Methods: More than 4,000 facilities reported data to NHSN using standard methods to identify CAUTI events (symptomatic UTI or asymptomatic bacteremic UTI). Data from adult and pediatric ICUs and wards (including step-down units) were aggregated to describe the prevalence of CAUTIs due to yeast and reported secondary bloodstream infections by location and pathogen. We evaluated differences in the distribution of species in ICU and ward locations using Pearson’s chi-square.
Results: Yeast alone accounted for 8,305 (33%) of the 24,887 CAUTIs reported from ICUs and 2,423 (20%) of the 12,026 CAUTIs from wards. Among the yeasts reported, 72% were identified as Candida spp, of which the species was identified in 91%; the most common species were C. albicans (73%), C. glabrata (16%), and C. tropicalis (7%). There was no statistical difference in the distribution of species reported by location (p=0.2). Of the CAUTIs attributed to yeast, 4% were reported to have secondary bloodstream infections (fungemia), compared to 6% of all other CAUTIs.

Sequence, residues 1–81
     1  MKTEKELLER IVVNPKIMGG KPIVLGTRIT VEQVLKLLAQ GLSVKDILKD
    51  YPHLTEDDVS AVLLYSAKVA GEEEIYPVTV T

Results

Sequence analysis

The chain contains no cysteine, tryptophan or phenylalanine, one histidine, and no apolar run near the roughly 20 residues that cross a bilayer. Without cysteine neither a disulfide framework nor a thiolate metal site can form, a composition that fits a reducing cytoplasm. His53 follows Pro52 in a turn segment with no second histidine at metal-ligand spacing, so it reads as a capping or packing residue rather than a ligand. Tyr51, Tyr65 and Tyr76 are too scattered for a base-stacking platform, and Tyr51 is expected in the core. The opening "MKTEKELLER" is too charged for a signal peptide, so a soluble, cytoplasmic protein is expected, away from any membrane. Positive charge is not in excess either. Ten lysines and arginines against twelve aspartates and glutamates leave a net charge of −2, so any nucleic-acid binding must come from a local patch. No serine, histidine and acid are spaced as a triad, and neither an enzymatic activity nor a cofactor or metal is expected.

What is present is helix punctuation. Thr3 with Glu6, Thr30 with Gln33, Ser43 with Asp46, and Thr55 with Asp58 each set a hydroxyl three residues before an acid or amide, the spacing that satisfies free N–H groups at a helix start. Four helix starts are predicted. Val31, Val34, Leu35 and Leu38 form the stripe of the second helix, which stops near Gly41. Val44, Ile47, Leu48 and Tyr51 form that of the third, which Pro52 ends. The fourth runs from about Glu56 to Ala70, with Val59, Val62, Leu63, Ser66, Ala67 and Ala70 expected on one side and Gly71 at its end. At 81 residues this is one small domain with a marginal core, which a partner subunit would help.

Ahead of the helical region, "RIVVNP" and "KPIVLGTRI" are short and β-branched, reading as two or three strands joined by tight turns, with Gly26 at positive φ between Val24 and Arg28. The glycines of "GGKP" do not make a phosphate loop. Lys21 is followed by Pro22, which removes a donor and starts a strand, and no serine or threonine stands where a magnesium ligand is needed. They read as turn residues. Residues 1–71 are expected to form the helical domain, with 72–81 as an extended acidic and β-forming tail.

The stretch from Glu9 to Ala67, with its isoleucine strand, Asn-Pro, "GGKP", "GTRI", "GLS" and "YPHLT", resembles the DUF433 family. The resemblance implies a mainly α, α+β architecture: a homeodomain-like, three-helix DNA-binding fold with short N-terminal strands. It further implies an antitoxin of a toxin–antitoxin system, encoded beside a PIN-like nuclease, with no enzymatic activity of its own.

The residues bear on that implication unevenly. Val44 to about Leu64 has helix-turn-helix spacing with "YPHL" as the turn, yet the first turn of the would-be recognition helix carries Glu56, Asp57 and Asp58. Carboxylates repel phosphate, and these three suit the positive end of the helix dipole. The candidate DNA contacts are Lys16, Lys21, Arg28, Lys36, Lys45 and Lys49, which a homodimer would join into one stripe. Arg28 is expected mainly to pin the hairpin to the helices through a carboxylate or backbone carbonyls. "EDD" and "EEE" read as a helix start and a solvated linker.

Conclusion: Overall, 29% of CAUTIs reported to NHSN were attributed to yeast only. Changes to the NHSN UTI criteria, including removal of yeast, will likely impact CAUTI rates and standardized infection ratios. To evaluate the impact of prevention efforts across this definition change, longitudinal trends can be estimated by retrospectively excluding CAUTIs that no longer meet the criteria. In addition, the potential impact of CAUTI definition changes on reported central line-associated bloodstream infection rates should be tracked, as fungemia can no longer be attributed to a urinary source.
L. M. Weiner, None
J. R. Edwards, None
K. Peterson, None
M. Dudeck, None
K. Allen-Bridson, None
C. Gould, None